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This is the unofficial web site for Guide Dog Handlers All Ways, a special interest alumni affiliate of Guide Dogs for the Blind Inc. We are an alumni chapter made up of individuals who have disabilities in addition to blindness that affect how we work with our Guide Dogs.

We hope you enjoy reading our stories. If you would like to comment on one of the stories posted here, click on the link below the post which reads "Leave your Paw Print." Type your comment in the form .

Thanks for visiting!

Our Trip to New York City

On Friday Fargo and I went to New York City. We've been working with a day camp for blind kids and the trip was to take them to the city as part of my job. It was nice to get paid to work and to go to the city and have fun.

First we went to the Metropoliton Museum of Art. We had a touch tour of art mostly from ancient Egypt. It was neat to get to feel real art from that time period. It was so old. There were statues, and other pieces. We spent an hour and a half doing two tours. The first one was in a classroom where the art was passed around, some original and some replicas. The second tour was walking around and stopping at various statues and also a replica of the inside of a tomb. Fargo did very well resting in the classroom you wouldn't even know he was there. In the main museum people were really pushy and kept slamming into us not watching where they were going. Fargo was good about avoiding most of the pedestrians. I went with the older group of kids, 13 to 15 years old and they seemed really interested in the art.

Next we boarded the bus again and went to the Empire State building. It was very crowded in there and had lots of those lines where you weave in and out until you are dizzy. Fargo did a fantastic job following along. There was a lot of following to stay with our group. In the museum he only got off track once but we didn't get lost. In the Empire State building we took elavators up to the observation deck which took two elavators. I made sure Fargo had enough room and wasn't getting squished and he did fine. On the deck I could tell we were up high but wasn't able to see much. The bottom has a concrete wall so Fargo couldn't look down. I'm not sure what he would have thought. I was pretty much bored and could skip that experience next time as I mostly found it over crowded and frustrating following through lines. I can say I've done it now though.

Next we walked to Time square, about ten blocks I think. I really enjoyed walking. Our group would meet up at each down curb so I didn't have to follow anyone. I could walk freely and feel Fargo move through the crowds. He did a fantastic job of moving through the pedestrians and avoiding the trash on the ground. He navigated the traffic well even the people trying to drive when it was a walk signal. He stopped for all the blended curbs even though it was a strange environment. I was really impressed with his work. When we trained in SanFransisco it wasn't as busy as NYC and I had never been to NYC.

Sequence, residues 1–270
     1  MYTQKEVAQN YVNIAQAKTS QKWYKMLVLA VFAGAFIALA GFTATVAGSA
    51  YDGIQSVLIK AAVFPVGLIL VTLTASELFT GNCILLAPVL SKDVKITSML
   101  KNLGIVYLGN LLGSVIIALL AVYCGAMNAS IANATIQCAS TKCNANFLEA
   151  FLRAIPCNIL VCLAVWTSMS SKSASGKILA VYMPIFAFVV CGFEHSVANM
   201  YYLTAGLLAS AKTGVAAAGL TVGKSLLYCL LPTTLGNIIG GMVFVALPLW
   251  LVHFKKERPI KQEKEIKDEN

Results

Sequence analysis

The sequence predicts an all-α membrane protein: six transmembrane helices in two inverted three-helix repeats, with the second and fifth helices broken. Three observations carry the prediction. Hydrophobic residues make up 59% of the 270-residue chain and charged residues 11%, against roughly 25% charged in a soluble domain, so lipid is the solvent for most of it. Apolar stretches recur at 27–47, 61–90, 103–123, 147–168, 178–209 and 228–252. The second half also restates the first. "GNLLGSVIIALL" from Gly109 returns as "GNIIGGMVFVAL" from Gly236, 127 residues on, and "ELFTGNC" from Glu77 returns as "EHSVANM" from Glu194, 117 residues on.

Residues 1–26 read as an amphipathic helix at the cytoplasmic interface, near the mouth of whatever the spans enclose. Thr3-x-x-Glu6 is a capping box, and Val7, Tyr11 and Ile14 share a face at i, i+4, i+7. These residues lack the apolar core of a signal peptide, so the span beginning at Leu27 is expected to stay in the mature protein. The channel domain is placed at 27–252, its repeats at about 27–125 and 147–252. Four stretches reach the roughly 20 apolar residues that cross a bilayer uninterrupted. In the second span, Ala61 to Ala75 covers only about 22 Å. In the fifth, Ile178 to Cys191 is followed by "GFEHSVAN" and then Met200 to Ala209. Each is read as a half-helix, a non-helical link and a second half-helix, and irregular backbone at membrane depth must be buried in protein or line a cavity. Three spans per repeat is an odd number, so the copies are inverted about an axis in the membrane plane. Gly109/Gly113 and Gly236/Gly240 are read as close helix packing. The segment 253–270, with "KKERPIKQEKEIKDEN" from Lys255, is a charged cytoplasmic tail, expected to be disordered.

When we got to Time Square the kids wanted to go into the toy store. I sat down outside at a table to people watch or people listen as it were and Fargo did great about the trash on the ground once again. Then it was time to go back to the bus. We had McDonalds because most of the kids wouldn't have appreciated the dining that NYC has to offer. I'd love to go again for a few days and visit and check out the city some more. It's hard walking in a group with a guide dog especially a group of a lot of people going sighted guide. I'd love to go back to the museum and do the rest of the touch tour. Apparently they have a lot of stuff you can touch.

So that was our day in New York. It was about a three and a half hour ride each way on the tour bus. On Wednesday we are going to the aquarium with the six and seven year old kids.

Sarah and Fargo



Seminar

This information is from the Hadley School for the Blind newsletter


Seminars@Hadley Presents: Dog Guides for Multiply Disabled People

Date: Thursday, April 28

Time: 11:00 AM CDT, 16:00 GMT

Maybe you've considered obtaining a dog guide but have been discouraged because you couldn't find a program designed for a blind multiply disabled person. Do not despair. Several dog guide schools have programs which train dogs specifically for users with multiple disabilities.
To find out if you'd be a good candidate or if one of your consumers/students might benefit, join Seminars@Hadley as Ellin Purcell, Director of Special Needs, Guiding Eyes for the Blind; Michelle Pouliot, Director of Research and Devopment, Guide Dogs for the Blind; and Keith McGregor, Director of Canine Training and Deaf-Blind Services, Leader Dogs for the Blind discuss programs at their schools designed for multiply disabled users.